Third Test Match



A gallant attempt by England to fight themselves out of an almost hopeless position failed, and good bowling on the first day, supported by a wonderful innings by Worrell, gave West Indies an easy victory.

More bad luck dogged England in the matter of team selection. On the eve of the match Hutton was found to be suffering from a recurrence of lumbago and Gimblett was troubled by a boil on his neck. The selectors, at 10 p.m. on Wednesday, made a hurried telephone call for Dewes of Middlesex to join the team. From the side beaten at Lord's, England were without Hutton, Edrich, Doggart and Wardle. They brought in Simpson (recovered from injury), Dewes, Insole, Shackleton and Hollies. West Indies preferred Johnson to Jones reverting to the eleven defeated at Old Trafford.

Yardley had many doubts when he won the toss, for the pitch was a little green, and if it were to help bowlers at all in the match it was likely to do so only during the first hour or so. He decided that the risk of putting West Indies in was too great and England batted. The result was disastrous and in the first hour England virtually lost the match. In that period four wickets fell for 25 runs, and although the other batsmen tried hard and brought a partial recovery the side were all out for 223 and the pitch by that time had become perfect.

Insole, although far from comfortable against spin, helped Yardley add 50. The Essex player was virtually bowled off his pads but Chester signalled him out l. b. w. before the ball hit the stumps. Yardley played his best innings of the series, and Shackleton, in his first Test drove powerfully, scoring 42 out of 69 in seventy minutes. In the last sixty-five minutes on Thursday West Indies scored 77 for the loss of Stollmeyer.

Next day the English bowling was trounced, particularly during a fourth-wicket stand between Worrell and Weekes. Christiani, the overnight stopgap, left at 95, but Rae and Worrell put West Indies ahead during a partnership of 143. Rae, as usual, concentrated on defence, and took four hours ten minutes to score 68 out of 238. Worrell, on the other hand, batted in scintillating style, and the bowlers and fieldsmen were unable to check a wonderful array of fluent strokes. Weekes, usually a quicker scorer, was overshadowed until Worrell tired near the end of the day. At the close West Indies were 479 for three, with Worrell 239 and Weekes 108. They had put on 241, and so easily did he play the bowling that there were many people who considered that Worrell stood a good chance of beating Hutton's record Test score of 364.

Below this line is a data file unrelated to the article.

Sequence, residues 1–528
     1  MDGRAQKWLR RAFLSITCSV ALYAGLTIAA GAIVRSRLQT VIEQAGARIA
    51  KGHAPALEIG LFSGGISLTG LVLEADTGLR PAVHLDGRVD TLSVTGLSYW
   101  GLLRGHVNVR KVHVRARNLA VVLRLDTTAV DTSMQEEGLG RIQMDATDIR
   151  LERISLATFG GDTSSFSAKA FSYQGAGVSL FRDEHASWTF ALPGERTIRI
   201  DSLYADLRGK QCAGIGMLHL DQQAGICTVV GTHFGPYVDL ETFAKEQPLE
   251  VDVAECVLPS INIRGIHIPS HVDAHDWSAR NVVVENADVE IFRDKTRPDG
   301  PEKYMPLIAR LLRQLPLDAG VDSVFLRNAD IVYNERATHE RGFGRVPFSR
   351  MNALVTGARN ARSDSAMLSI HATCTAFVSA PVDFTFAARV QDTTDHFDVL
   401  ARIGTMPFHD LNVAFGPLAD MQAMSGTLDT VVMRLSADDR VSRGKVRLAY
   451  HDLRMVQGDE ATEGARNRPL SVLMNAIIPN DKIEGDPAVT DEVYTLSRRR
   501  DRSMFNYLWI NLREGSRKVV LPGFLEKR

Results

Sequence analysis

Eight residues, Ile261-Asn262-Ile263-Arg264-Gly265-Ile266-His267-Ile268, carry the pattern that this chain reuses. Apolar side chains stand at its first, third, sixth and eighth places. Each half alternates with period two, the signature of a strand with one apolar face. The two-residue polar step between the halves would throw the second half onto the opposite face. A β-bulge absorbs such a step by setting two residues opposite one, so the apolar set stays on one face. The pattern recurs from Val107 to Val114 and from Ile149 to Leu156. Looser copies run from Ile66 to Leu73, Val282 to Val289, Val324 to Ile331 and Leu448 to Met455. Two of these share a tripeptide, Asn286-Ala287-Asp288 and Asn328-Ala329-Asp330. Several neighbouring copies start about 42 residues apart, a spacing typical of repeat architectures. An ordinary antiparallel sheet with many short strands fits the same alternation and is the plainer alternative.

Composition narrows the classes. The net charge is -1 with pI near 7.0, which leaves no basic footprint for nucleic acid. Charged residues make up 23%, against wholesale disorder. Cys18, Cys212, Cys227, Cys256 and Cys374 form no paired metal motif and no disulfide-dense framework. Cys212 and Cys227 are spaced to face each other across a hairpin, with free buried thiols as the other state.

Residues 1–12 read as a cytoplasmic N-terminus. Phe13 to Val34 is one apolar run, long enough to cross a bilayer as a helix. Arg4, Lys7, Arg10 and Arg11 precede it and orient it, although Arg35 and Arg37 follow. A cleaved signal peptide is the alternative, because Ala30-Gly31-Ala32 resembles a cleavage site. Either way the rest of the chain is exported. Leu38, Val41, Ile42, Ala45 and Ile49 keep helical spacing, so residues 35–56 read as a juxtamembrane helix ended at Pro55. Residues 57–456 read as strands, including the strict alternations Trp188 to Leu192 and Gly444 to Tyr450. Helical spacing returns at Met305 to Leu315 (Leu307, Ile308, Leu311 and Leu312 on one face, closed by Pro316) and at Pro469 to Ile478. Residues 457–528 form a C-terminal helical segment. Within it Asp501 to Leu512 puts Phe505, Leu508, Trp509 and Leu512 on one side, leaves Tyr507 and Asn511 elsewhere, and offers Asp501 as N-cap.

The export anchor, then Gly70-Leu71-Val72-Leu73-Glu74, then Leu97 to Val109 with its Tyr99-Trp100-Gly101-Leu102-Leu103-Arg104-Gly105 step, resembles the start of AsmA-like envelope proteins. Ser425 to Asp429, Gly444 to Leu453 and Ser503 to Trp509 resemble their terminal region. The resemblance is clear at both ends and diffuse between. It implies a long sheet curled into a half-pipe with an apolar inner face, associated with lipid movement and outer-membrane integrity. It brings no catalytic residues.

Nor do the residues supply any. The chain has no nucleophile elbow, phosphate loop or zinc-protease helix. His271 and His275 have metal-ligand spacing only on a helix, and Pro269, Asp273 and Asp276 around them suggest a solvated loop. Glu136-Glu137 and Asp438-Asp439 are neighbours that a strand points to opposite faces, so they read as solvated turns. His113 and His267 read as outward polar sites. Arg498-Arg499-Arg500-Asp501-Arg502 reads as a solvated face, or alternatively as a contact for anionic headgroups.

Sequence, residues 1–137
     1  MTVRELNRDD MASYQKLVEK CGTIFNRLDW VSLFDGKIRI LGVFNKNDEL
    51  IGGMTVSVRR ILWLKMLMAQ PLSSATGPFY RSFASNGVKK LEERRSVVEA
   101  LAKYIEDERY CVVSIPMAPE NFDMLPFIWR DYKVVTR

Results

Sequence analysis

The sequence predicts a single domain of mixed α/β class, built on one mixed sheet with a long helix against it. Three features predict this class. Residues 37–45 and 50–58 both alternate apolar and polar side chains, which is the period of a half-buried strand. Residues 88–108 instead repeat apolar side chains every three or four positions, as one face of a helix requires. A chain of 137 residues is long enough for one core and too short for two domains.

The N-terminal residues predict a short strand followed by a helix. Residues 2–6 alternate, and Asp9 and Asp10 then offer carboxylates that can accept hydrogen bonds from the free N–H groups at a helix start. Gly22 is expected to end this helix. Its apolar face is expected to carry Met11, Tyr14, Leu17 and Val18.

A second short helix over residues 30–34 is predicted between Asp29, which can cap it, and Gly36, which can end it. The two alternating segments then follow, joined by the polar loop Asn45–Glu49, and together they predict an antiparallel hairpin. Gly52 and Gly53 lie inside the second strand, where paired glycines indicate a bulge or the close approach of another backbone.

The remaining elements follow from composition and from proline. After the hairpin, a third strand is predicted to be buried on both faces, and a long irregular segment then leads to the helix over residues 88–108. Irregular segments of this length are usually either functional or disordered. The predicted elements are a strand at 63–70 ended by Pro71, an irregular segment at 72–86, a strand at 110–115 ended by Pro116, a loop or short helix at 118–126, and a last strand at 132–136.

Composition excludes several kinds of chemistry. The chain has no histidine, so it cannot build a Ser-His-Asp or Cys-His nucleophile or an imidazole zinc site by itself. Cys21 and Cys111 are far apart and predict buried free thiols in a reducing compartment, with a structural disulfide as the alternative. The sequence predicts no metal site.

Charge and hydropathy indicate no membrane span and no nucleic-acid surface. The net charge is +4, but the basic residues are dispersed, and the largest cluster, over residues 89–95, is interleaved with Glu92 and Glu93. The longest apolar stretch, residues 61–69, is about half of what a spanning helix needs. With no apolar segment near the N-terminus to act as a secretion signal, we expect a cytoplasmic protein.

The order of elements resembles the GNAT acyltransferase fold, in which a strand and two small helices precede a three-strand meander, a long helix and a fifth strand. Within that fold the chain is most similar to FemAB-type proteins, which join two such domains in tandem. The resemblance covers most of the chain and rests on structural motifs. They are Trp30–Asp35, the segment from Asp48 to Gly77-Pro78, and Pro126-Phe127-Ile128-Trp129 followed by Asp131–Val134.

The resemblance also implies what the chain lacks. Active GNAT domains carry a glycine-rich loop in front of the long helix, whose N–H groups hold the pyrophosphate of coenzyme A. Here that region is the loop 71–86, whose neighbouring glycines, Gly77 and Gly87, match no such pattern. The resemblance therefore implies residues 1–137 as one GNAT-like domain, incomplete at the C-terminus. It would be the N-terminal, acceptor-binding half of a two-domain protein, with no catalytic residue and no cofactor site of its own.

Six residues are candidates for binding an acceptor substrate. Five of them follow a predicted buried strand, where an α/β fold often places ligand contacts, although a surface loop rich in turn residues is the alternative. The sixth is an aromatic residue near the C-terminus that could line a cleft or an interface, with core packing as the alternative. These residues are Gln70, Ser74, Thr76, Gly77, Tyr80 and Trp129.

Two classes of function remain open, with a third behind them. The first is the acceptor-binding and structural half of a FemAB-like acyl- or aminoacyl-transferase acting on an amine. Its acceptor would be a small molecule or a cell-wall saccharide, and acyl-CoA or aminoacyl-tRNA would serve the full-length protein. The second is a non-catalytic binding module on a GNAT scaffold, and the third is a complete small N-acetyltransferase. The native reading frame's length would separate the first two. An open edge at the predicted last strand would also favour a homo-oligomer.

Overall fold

In less than half an hour on Saturday Worrell was out. He batted five hours thirty-five minutes and hit two 6's and thirty-five 4's while scoring 261 out of 426. Weekes did not stay much longer; his 129 (seventeen 4's) was scored in three hours forty minutes.

Deadly bowling by Bedser that morning caused the fall of the seven remaining wickets in eighty minutes for 79 runs, and just on one o'clock Washbrook and Simpson opened the second innings with England 335 behind. Showers caused frequent stoppages, but the two batsmen were in no way disturbed, and when rain finally ended play for the day the score stood at 87 without loss.

They were not separated until a quarter past three on Monday, by which time 212 runs were on the board--the highest opening stand by either side in this series of Test matches. Washbrook, first to go, batted five hours twenty minutes for 102, revealing, like Simpson, tremendous concentration. Simpson lasted only a quarter of an hour longer, being run out when going for a sharp single.

Even then England were far from finished, for Dewes and Parkhouse, without looking as safe as the first pair, batted well, and at one period the score stood at 326 for two with England only nine runs behind. A shocking last half-hour turned the course of the game, England losing Parkhouse, Yardley and Insole. Thus in a few minutes the great start had been wasted.

England began the last day 15 ahead with five wickets left, and, despite a merry 63 out of 84 by Evans, wickets fell steadily, and West Indies were set to get 102 to win. In bowling 92 overs in the innings, Valentine delivered more balls than any other Test bowler during one innings. Stollmeyer and Rae made light of the task and hit off the runs in an hour and forty minutes, the match being over at ten minutes to four.

During their first innings of 558 West Indies established several records, the most important of which were:--(a) Their highest total in any Test match against England. (b) The highest total by either side in England. (c) Worrell's 261 was the highest Test score ever made at Trent Bridge. (d) Worrell made the highest score by a batsman for either country in a Test match in England. (e) The fourth-wicket partnership between Worrell and Weekes of 283 was the highest stand for any wicket for either side in this Test series in England. (f) The partnership was the highest Test stand for West Indies in any part of the world. (g) The stand was the highest fourth-wicket partnership for West Indies in any match in England.

© John Wisden & Co